Final results for this course will be made available through Access Adelaide.

  • Student Feedback

    The University places a high priority on approaches to learning and teaching that enhance the student experience. Feedback is sought from students in a variety of ways including on-going engagement with staff, the use of online discussion boards and the use of Student Experience of Learning and Teaching (SELT) surveys as well as GOS surveys and Program reviews.

    SELTs are an important source of information to inform individual teaching practice, decisions about teaching duties, and course and program curriculum design. They enable the University to assess how effectively its learning environments and teaching practices facilitate student engagement and learning outcomes. Under the current SELT Policy (http://www.adelaide.edu.au/policies/101/) course SELTs are mandated and must be conducted at the conclusion of each term/semester/trimester for every course offering. Feedback on issues raised through course SELT surveys is made available to enrolled students through various resources (e.g. MyUni). In addition aggregated course SELT data is available.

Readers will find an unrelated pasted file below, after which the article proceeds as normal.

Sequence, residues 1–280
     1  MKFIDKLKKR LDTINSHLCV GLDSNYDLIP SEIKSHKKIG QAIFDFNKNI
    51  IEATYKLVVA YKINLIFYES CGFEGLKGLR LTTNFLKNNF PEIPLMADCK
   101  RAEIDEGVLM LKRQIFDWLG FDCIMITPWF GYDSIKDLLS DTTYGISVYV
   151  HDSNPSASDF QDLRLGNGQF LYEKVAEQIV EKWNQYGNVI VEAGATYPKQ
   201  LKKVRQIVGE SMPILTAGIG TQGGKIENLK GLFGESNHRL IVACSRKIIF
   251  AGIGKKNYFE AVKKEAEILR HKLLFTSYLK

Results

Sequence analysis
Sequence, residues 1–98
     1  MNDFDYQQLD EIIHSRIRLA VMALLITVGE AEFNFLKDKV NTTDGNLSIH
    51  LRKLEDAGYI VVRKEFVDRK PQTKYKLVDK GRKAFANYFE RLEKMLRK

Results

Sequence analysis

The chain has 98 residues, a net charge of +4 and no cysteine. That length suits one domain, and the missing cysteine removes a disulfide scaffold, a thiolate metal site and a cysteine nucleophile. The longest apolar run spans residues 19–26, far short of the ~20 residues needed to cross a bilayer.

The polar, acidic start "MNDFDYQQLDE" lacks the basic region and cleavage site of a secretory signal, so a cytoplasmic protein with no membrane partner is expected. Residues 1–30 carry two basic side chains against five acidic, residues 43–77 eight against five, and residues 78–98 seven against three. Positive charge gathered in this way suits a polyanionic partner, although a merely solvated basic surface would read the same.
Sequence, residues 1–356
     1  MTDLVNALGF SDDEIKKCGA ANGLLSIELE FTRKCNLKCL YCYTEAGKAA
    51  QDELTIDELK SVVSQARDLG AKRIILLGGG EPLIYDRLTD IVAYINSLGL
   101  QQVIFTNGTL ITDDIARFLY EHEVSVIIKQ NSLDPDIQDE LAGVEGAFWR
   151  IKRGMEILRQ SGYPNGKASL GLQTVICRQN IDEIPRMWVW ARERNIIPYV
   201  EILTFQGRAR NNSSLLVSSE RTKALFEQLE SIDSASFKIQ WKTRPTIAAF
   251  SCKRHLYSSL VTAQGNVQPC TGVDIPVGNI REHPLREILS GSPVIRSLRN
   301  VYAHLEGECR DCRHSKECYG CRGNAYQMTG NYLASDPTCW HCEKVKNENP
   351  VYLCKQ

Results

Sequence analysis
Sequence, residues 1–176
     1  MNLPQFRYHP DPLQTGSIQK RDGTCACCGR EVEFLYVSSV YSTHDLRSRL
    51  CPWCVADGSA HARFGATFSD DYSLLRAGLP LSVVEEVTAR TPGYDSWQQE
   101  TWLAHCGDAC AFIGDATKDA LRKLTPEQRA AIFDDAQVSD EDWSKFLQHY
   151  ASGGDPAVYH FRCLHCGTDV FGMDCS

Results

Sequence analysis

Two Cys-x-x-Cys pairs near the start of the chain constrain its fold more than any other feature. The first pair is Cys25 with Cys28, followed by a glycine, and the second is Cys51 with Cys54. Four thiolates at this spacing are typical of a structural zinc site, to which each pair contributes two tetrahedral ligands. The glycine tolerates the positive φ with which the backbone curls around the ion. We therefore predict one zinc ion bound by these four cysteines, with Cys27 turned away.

The course will make use of SELT for course and teacher evaluation.
  • Student Support
  • Policies & Guidelines
  • Fraud Awareness

    Students are reminded that in order to maintain the academic integrity of all programs and courses, the university has a zero-tolerance approach to students offering money or significant value goods or services to any staff member who is involved in their teaching or assessment. Students offering lecturers or tutors or professional staff anything more than a small token of appreciation is totally unacceptable, in any circumstances. Staff members are obliged to report all such incidents to their supervisor/manager, who will refer them for action under the university's student’s disciplinary procedures.

The University of Adelaide is committed to regular reviews of the courses and programs it offers to students. The University of Adelaide therefore reserves the right to discontinue or vary programs and courses without notice. Please read the important information contained in the disclaimer.